Posted: July 27, 2009, 4:15 p.m. EDT
Q: My guinea pig Rosie is female and approximately 11 months old. We have had her for 10 months, and almost straightaway she cried when pooping. At times her poop is very soft but not runny. It smells bad but not terrible and does not look black. Other times it looks like very big pellets that can be coated with blood. I have taken her to the veterinarian many times, and he is very helpful but admits he is not an expert with cavies, and I can’t find one in my area.
We feed Rosie dry pellets. She did have a muesli-type mix, but we took her off that. She also eats hay with added dandelion and vitamin C. We feed her a small amount of fresh food each day — a piece of carrot, cucumber and some cabbage, usually curly kale. She sometimes gets a treat of a piece of apple or grape.
We have tried feeding her only dry food, but that didn’t seem to make any difference.
The veterinarian took X-rays and ultrasound under anesthesia and found nothing apart from dark cloudy areas on her scan that he said were unusually high amounts of trapped air (wind/gas).
Our guinea pig seems very bloated when having these bad spells and crunches up when she poops and cries as though she is straining.
She still eats well and drinks well during these episodes and actually still runs about and seems quite happy, but I feel sad for her. I don’t know what to do or if there is anything else to do.
The veterinarian has me give her baytril during these episodes (0.2 ml twice a day), and I also give her a probiotic solution in her water.
What can I do to help her? Have you ever seen this problem? Am I doing something wrong?
I have another guinea pig named Boggle that is healthy and has never had any problems, so I can only assume their diet is OK, right?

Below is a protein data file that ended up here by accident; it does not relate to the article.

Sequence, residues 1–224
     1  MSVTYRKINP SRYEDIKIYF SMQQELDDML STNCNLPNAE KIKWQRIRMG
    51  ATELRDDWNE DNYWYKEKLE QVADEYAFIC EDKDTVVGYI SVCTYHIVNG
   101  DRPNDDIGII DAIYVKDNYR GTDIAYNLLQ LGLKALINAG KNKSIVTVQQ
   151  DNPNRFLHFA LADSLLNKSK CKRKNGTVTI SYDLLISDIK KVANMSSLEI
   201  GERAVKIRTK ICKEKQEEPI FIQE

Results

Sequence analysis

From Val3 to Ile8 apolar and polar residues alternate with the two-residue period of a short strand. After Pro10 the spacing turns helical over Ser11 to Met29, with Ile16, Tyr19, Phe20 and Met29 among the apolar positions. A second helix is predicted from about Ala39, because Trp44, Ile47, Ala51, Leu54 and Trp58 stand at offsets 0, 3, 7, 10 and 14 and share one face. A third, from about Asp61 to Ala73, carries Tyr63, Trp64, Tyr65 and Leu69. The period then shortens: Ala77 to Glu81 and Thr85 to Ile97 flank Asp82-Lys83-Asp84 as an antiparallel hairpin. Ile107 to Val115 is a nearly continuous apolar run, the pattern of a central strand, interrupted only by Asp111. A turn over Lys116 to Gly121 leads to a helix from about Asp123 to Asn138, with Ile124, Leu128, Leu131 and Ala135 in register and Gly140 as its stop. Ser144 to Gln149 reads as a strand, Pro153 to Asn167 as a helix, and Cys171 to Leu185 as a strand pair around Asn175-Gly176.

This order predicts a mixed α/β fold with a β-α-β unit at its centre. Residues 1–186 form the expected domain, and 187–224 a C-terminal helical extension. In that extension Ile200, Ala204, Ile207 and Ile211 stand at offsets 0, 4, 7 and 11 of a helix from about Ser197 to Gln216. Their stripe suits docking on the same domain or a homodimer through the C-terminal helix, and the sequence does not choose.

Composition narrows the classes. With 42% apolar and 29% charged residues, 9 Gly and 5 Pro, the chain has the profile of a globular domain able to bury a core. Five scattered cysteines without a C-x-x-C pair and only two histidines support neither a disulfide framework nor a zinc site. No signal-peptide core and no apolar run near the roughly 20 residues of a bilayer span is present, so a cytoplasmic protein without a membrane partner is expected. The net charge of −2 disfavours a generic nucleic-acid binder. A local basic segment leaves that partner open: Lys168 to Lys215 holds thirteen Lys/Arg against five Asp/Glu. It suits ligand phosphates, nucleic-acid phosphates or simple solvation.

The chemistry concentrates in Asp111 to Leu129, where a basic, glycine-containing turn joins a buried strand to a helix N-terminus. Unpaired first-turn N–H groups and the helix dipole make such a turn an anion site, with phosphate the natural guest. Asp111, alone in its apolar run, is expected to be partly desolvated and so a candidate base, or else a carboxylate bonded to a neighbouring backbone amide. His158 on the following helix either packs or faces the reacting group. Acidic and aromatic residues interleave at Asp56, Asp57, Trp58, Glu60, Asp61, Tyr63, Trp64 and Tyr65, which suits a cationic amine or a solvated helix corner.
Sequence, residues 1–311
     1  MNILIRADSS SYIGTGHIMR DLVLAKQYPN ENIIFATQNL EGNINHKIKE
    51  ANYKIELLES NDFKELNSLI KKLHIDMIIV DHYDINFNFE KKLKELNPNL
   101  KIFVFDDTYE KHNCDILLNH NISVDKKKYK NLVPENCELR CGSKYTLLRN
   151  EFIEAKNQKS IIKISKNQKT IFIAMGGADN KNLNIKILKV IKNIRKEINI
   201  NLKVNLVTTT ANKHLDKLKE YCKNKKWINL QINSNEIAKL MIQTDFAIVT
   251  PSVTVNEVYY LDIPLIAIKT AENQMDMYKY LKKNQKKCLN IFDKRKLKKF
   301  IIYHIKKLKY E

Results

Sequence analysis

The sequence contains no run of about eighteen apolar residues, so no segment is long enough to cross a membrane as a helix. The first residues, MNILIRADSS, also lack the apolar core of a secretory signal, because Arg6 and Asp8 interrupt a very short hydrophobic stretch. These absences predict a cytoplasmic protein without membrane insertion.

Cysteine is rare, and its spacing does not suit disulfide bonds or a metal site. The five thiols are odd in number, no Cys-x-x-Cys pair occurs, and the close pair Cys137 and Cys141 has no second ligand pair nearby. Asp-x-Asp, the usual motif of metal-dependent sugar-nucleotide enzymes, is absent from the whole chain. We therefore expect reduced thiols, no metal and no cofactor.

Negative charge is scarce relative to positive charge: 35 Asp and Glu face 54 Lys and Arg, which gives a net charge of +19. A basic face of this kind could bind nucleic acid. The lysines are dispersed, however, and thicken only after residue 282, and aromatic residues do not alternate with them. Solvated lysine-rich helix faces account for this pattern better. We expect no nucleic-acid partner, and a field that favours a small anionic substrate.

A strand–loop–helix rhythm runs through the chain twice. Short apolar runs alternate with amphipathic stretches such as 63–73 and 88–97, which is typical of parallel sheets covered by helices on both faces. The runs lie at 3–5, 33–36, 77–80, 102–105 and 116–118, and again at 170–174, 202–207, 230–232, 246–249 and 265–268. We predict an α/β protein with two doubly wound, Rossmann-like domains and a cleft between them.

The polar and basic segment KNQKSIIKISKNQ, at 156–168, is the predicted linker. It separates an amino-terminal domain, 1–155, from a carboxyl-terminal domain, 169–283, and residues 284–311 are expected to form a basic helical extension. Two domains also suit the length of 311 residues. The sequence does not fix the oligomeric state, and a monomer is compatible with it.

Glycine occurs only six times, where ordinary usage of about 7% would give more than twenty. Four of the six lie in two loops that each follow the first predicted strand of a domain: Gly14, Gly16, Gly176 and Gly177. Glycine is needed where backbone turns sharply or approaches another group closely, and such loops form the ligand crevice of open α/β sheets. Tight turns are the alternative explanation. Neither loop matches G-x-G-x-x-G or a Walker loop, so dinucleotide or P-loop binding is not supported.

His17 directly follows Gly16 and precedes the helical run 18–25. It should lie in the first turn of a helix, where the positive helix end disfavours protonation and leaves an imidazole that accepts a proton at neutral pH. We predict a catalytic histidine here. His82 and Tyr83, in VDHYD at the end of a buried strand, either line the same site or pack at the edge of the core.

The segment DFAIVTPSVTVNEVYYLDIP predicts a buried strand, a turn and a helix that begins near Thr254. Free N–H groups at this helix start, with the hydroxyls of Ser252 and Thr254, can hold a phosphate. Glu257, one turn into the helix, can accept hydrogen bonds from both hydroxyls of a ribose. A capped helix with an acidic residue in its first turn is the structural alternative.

A: I suggest getting a second opinion. Your veterinarian can ask for one through online veterinary services or you can contact a local guinea pig group and see if they have suggestions for another veterinarian. It sounds like your veterinarian has tried very hard to help, but sometimes a second set of eyes looking at the problem in a different way might help.
The most important part of your history is the fact that some pellets are covered in blood. That is very, very unusual. That means some part of the intestinal tract, close to the rectum, is bleeding. That is very unusual in guinea pigs. It is unlikely this is diet-related.
Different types of intestinal parasites can cause what you are seeing and some simple stool tests can be used to check for these parasites. If parasites are not the problem, then this becomes much more complicated.
Blood tests such as a complete blood count and biochemistry profiles should be done to check for bleeding disorders. It could even be necessary to place an endoscope into the intestine to look for a cause of what you are seeing. Conditions such as ulcers and even tumors can do this, although both would be extremely rare in guinea pigs in that part of the intestinal tract.
See all of Dr. Rosenthal's Critter Q&A articles>>